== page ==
Case Study
Volume 50, Issue 5, May 2021

The way to a man’s heart is through his stomach: A curious case of myopericarditis associated with Campylobacter enteritis

Alexander Elford    Harsh Thakkar    Paul MacIntyre   
doi: 10.31128/AJGP-05-19-4936   |    Download article
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A man aged 29 years presented to a general practitioner with mild central chest pain and non-bloody diarrhoea. Two days before presentation, he developed symptoms after consuming undercooked meat at a barbeque. He described subjective fevers and chills with central, constant, pleuritic chest pain that radiated down both arms and was worse when leaning forward. He was a non-smoker with a history of pericarditis six years prior. His vital signs were heart rate 99 beats/min and regular, blood pressure 140/90 mmHg, respiratory rate 14 breaths/min and temperature 37.5 °C. Physical examination, including the cardiovascular system, was normal. As his electrocardiogram (ECG; Figure 1) was noted to be abnormal, he was transferred to the emergency department by ambulance for further assessment.

Figure 1. Electrocardiogram taken during chest pain

Figure 1. Electrocardiogram taken during chest pain

Question 1

What does the patient’s ECG show?

Question 2

What are your differential diagnoses? What investigations would you order next?

Answer 1

The ECG demonstrates 1 mm concave upward ST elevation in leads V3–V6 and PR depression in leads I, II and aVF. Importantly, the ST changes are not in a single coronary artery distribution. There is an absence of reciprocal changes, differentiating it from an acute myocardial infarction.

Answer 2

Differential diagnoses include:

  • acute coronary syndrome
  • pericarditis
  • myopericarditis.

This patient should be referred for further work-up in an acute care setting, ideally with an onsite cardiology service. Investigations would include:

  • serial troponins and ECGs to monitor for dynamic changes to assess for acute coronary syndrome
  • telemetry to monitor for arrhythmias
  • full blood examination and C-reactive protein to assess for an infectious or inflammatory cause
  • autoimmune screen (antinuclear antibodies, extractable nuclear antigens, dsDNA and rheumatoid factor) to rule out autoimmune disease, given the history of pericarditis six years ago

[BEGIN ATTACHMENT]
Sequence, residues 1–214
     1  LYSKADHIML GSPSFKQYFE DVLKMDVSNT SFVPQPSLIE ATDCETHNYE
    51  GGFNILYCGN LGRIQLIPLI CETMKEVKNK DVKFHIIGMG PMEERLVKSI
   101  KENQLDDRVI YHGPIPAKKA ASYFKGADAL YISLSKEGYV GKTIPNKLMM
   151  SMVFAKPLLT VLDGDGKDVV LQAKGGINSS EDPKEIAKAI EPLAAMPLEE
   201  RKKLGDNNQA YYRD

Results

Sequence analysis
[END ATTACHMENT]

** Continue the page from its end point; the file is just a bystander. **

• chest X-ray
  • urea, electrolytes and creatinine
  • stool polymerase chain reaction (PCR)and stool microscopy, culture and sensitivity.

Case continued

Serial ECGs were similar and without dynamic changes. Serial troponin-Ts were 206 ng/L and 229 ng/L. C-reactive protein was 144.7 mg/L. The autoimmune screen was negative.

Question 3

What is the most likely diagnosis and how would you proceed?

Answer 3

The most likely diagnosis is myopericarditis. The concave ST segment elevation and depressed PR segments are classic signs of pericarditis.1 The lack of dynamic and reciprocal changes make acute coronary syndrome unlikely. The elevated troponins indicate myocardial involvement. It is recommended that patients with myopericarditis be admitted for monitoring and treated with non-steroidal anti-inflammatory drugs and colchicine. An echocardiogram should be arranged to assess for systolic function and presence of pericardial effusion. Cardiac magnetic resonance imaging can be considered as it is also sensitive for myocarditis and gives additional information to an echocardiogram.

Case continued

The patient’s stool PCR was positive for Campylobacter spp. DNA. The stool microscopy, culture and sensitivity grew Campylobacter jejuni.

His echocardiogram demonstrated normal ventricular function and the absence of a pericardial effusion. No arrythmias were noted on his telemetry.

Question 4

Are Campylobacter spp. the cause of the patient’s myopericarditis?

Question 5

How do the echocardiogram findings affect your management plan?

Question 6